Clarity Law

Specialist Traffic Law Firm Queensland
Sunday, 27 February 2022 13:06

How Long will a Court Disqualify my Licence for?

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Disqualified Driving help Queensland Disqualified Driving help Queensland

There are a range of driving related offences in Queensland, with various disqualification periods for each of them.

 

Driving Offences and Disqualification Periods

The Queensland Parliament has legislated so that certain driving offences carry mandatory minimum disqualifications. This means when a court is deciding how long to disqualify your licence for, it cannot go lower than the minimum, regardless of what a lawyer says or what the Court may want to do. The primary (but not only) legislation that creates driving offences is the Transport Operations (Road Use Management) Act 1995.

Below, then, is a list of the most common mandatory disqualification periods:

Take note that minimum disqualifications will be higher, in most cases, if you have prior offences for drink driving or drug driving within 5 years of the offence.

Some of the disqualifications above can also “cumulate” which means they stack on top of each other. This usually occurs when there are multiple offences. To give some examples:

  • Multiple drink driving and/or drug driving offences committed at different times, but sentence imposed at the same time – cumulative.
  • Unlicenced driving type offence and drink driving/drug driving offence committed at the same time – cumulative

 

Can I be Disqualified for more than the Minimum?

In most cases, yes. The minimum is the starting point, and the Court has the discretion to impose a higher disqualification.

 

Is There No Way to Avoid a Disqualification?

In limited situations you can make an application to the Court for a restricted licence, also known as a work licence. If you have not been disqualified or suspended within 5 years prior to the offence, the offence is low or middle limit drink driving, or driving while a drug is present in your saliva, and you would have a valid open licence if not for the disqualification, then you are eligible.

There are further tests before getting a work licence; you need to be deemed by the Court a fit and proper person, and you need to prove you would be deprived of your means of earning a living if the work licence was not granted. It is an involved process which requires the preparation of sworn affidavits and a detailed description of your personal and financial circumstances. We are experts in getting people work licences, and you may wish to help yourself to a free consultation with our firm if you want to explore your options.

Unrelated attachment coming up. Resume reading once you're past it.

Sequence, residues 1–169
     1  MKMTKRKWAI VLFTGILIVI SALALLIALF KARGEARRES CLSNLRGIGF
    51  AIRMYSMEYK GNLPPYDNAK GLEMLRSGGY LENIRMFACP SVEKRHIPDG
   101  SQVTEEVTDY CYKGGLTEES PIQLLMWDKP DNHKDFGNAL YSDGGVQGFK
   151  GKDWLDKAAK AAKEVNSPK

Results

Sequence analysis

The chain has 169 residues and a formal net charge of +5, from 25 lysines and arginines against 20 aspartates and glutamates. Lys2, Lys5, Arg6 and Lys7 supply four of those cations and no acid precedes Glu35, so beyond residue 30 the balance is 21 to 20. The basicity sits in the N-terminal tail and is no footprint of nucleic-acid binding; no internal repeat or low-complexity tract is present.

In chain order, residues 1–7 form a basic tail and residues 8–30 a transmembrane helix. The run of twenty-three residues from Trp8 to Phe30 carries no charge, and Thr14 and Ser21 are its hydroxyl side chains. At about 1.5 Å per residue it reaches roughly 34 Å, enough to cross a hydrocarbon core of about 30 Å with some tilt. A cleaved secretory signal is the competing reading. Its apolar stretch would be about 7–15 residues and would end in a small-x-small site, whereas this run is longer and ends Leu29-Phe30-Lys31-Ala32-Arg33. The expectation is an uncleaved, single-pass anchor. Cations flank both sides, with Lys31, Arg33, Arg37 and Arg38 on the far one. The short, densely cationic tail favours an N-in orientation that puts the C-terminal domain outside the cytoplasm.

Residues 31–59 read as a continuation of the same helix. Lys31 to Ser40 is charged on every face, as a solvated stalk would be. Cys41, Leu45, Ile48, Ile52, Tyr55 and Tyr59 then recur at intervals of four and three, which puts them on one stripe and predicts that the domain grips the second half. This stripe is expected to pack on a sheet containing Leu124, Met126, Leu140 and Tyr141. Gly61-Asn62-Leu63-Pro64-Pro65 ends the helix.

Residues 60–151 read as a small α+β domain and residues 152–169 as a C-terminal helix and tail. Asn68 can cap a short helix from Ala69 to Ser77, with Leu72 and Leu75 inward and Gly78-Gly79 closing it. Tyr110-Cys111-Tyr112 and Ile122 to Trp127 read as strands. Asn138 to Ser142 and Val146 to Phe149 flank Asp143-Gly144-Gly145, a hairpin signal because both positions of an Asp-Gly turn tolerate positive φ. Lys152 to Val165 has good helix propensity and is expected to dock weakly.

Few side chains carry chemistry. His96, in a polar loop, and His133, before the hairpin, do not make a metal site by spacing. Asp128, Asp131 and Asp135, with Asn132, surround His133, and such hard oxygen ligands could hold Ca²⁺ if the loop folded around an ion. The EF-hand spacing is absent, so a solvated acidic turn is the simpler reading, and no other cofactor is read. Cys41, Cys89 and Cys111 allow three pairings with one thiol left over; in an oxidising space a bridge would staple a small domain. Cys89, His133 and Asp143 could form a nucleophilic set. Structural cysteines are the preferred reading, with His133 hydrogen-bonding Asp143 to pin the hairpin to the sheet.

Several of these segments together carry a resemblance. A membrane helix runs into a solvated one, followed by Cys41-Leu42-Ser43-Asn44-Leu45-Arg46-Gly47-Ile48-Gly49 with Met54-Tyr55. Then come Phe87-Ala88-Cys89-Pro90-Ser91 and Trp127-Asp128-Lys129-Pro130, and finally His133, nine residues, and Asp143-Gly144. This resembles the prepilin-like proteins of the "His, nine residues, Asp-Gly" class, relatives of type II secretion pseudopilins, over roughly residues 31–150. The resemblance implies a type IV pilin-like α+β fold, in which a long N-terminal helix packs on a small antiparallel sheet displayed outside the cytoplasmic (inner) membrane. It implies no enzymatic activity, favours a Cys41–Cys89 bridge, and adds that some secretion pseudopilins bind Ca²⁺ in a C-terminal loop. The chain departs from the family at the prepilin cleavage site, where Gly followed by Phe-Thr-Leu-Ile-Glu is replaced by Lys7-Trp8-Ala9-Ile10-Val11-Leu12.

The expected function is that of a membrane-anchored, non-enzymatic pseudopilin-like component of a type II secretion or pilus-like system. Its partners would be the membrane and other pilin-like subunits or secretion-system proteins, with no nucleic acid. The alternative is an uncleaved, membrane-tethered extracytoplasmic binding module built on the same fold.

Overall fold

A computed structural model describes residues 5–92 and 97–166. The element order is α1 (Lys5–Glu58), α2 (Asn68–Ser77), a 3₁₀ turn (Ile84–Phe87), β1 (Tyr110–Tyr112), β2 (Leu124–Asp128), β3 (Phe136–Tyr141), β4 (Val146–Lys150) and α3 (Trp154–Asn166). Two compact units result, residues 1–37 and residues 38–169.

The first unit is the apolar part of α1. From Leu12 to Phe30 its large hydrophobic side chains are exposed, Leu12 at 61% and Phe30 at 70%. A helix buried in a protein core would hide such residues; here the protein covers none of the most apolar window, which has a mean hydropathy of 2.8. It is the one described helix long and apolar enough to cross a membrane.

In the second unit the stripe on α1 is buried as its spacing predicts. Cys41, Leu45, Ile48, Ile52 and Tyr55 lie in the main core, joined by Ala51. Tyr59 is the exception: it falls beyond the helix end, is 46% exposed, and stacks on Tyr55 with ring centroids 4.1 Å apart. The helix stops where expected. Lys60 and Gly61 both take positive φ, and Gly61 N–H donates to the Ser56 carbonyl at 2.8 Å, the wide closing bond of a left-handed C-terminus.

Another way to avoid a possible disqualification is to write to the prosecution and ask them to downgrade or withdraw your charge, which is called a “submission”. This is also an involved process and often requires a persuasive argument backed by evidence you are working or made an honest mistake or have exceptional personal circumstances that would warrant some leniency. We have had some great successes with our submissions, for a few examples:

  • Downgrading of a charge which had a mandatory disqualification of two years down to one of just one month.
  • Downgrading of a charge from 6 months minimum to a charge which had no minimum.
  • Getting prosecutors to drop one of two charges, which halved the minimum disqualification from 12 months to 6 months.  

The final way to avoid a disqualification is to contest the charge, and win, in court. This is an option that cannot be easily generalised in a short article and is better explained with targeted legal advice.

 

Are There Defences Available?

There are, of course. However, there are specific lines of defence for each charge and each set of circumstances which is beyond the scope of this guide.

 

What Things Does the Court Consider When Deciding the Disqualification Period?

The Court will take into account a number of factors. If it is a drink driving offence, the Court will:

  • Take note of your blood alcohol content.
  • Consider if you have a history of committing similar offences and driving offences in general,
  • Consider the manner of your driving; i.e. did you come to the attention of the police because you were swerving all over the road, or was it a random breath test?
  • Look at whether you have completed an education course such as Queensland Traffic Offenders Program.

These above are some of the things the Court will consider.

 

Conclusion

As you will have seen, although there are minimum disqualification periods, the period will differ depending on the charges and the circumstances of each case. You are able to avoid total disqualification, or achieve a lower length of disqualification, but this will almost always require the expertise of a lawyer. Each lawyer at Clarity Law is a driving law expert. We have appeared in hundreds of driving matters each, and thousands of cases in total. If you want the best possible outcome for your case, help yourself to a free consultation.

Last modified on Thursday, 14 April 2022 11:09